The United Nations' human rights watchdog says Venezuelan security forces' attempts to crush dissent, including the use of lethal force, have left democracy ''barely alive'' amid the country's civil unrest. Rough cut (no reporter narration).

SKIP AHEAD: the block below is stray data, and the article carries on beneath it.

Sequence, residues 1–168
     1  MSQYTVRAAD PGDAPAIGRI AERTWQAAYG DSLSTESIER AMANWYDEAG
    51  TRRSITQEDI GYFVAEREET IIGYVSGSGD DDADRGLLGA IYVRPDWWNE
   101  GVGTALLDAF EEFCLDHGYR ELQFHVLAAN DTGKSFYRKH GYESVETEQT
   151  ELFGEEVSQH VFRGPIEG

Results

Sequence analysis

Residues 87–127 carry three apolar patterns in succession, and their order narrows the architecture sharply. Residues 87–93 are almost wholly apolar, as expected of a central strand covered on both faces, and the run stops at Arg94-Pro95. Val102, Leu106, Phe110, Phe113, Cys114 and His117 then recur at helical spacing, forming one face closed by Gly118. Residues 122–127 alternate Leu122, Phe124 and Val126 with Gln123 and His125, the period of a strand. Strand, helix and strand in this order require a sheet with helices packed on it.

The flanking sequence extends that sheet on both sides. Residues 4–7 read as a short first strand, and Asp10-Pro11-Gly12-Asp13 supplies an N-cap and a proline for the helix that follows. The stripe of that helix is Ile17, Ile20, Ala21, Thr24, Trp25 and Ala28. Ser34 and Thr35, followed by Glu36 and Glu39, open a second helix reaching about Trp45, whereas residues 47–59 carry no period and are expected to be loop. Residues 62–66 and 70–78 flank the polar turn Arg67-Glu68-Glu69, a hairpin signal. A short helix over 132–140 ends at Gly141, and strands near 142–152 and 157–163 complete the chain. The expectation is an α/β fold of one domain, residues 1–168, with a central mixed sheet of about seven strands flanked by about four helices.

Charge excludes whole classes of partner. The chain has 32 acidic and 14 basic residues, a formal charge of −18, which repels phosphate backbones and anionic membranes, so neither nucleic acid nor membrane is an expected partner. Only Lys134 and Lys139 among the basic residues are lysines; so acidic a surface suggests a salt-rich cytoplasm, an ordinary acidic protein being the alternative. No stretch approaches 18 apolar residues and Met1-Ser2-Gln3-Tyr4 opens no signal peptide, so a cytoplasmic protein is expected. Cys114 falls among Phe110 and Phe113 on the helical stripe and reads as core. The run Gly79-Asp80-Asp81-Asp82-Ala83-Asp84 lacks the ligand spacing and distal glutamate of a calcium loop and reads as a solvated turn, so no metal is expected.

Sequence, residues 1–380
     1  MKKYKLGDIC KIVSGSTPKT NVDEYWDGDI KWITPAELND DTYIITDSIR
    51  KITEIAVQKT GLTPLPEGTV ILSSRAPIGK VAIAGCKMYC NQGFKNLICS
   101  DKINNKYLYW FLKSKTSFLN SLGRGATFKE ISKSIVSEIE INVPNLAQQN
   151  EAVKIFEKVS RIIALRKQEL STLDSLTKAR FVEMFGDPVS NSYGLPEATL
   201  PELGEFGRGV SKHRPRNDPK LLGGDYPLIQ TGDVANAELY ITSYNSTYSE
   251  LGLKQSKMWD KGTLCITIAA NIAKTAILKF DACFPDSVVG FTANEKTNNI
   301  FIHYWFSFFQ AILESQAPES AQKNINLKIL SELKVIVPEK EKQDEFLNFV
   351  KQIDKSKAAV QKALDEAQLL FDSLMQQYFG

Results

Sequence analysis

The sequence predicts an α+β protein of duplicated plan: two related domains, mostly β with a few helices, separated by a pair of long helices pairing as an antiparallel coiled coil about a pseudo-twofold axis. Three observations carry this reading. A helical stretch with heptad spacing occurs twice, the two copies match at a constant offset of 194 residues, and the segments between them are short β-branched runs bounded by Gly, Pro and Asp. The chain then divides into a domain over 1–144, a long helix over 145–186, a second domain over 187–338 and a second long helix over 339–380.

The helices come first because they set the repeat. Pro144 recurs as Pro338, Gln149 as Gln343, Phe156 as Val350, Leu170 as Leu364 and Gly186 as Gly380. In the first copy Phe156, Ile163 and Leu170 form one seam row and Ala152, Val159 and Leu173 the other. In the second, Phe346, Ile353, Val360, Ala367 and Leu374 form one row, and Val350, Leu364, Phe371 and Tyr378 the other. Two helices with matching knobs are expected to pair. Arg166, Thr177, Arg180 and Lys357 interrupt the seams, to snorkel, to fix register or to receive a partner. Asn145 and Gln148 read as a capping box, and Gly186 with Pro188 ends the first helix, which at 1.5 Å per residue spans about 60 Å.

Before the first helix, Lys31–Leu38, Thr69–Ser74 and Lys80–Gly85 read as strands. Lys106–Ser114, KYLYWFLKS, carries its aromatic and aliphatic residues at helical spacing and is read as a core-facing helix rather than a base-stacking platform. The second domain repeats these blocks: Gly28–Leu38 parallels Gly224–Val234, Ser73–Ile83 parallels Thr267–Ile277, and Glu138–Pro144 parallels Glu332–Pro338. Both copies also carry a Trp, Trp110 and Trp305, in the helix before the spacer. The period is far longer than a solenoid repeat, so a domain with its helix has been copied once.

The United Nations says Venezuelan President Nicolas Maduro's crackdowns on opposition in his country's crisis have resulted in systematic and excessive use of force, including lethal weapons, leaving democracy hanging by a thread. Speaking in Geneva, the UN's civil rights agency says despite the death of 73 people at the hands of pro-government forces since April, the situation still has the potential to deteriorate further. (SOUNDBITE) (English) U.N. HUMAN RIGHTS OFFICER, HERNAN VALES, SAYING: "Credible and consistent accounts of victims and witnesses indicate that security forces systematically used excessive force to deter demonstrations, crush dissent and instil fear. Less lethal weapons were not used according to international human rights standards. We also documented the use of lethal force against protesters by security forces." The U.N. says the overall deathtoll is believed to be 123, including nine members of the security forces, as some violent demonstrators have turned to using makeshift explosives against the government. Maduro has said he is the victim of an armed rebellion backed by the United States. (SOUNDBITE) (English) U.N. HIGH COMMISSIONER FOR HUMAN RIGHTS, ZEID RA'AD AL-HUSSEIN, SAYING: "It is clear that the policies pursued by the authorities in their response to the protests has been at the cost of Venezuelans' rights and freedoms. The right to peaceful assembly was systematically violated (...) "There is real concern amid economic crisis and continuing political polarisation that the situation may well deteriorate. (...) With respect to Maduro, the president was elected by the people. But since then there has been an erosion of democratic life. (...) So I think it must be barely alive if still alive, is the way I would look at it." Almost 900 people are believed to be in custody by Venezuelan forces.